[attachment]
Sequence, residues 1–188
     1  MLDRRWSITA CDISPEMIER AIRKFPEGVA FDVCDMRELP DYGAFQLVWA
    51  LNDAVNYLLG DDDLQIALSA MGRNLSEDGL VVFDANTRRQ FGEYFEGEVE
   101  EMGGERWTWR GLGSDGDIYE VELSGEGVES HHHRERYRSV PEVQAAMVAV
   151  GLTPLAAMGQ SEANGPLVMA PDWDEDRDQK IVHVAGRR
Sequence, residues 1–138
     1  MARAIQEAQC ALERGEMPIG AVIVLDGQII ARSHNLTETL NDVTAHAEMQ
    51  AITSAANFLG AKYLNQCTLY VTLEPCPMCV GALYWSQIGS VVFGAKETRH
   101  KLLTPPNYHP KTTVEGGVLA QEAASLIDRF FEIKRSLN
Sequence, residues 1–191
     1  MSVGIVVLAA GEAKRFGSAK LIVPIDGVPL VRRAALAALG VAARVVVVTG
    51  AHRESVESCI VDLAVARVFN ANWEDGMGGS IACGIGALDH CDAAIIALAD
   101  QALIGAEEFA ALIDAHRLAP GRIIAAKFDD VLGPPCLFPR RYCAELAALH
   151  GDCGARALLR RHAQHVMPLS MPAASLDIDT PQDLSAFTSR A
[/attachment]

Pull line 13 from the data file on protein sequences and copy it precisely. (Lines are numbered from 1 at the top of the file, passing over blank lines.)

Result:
   101  QALIGAEEFA ALIDAHRLAP GRIIAAKFDD VLGPPCLFPR RYCAELAALH